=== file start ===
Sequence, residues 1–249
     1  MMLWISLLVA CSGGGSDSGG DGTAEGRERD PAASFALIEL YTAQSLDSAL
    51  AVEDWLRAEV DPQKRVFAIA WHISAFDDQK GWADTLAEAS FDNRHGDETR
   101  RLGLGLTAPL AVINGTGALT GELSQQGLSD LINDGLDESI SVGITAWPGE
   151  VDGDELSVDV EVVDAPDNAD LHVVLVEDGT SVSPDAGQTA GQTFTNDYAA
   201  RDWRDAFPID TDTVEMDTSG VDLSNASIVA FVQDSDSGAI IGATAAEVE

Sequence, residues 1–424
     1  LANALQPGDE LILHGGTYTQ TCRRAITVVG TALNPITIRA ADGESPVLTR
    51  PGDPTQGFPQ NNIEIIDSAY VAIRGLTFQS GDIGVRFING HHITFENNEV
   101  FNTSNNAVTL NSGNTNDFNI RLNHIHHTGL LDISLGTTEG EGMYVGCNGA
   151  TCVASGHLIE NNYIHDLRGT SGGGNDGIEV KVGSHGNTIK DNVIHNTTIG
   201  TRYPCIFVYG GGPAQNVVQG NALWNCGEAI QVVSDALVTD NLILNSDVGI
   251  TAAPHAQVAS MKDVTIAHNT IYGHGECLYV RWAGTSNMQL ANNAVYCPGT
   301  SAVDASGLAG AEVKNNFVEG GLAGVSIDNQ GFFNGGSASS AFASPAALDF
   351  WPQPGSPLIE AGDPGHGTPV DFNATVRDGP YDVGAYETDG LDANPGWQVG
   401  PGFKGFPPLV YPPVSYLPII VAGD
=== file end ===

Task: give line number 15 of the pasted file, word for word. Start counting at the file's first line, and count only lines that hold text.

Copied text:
   351  WPQPGSPLIE AGDPGHGTPV DFNATVRDGP YDVGAYETDG LDANPGWQVG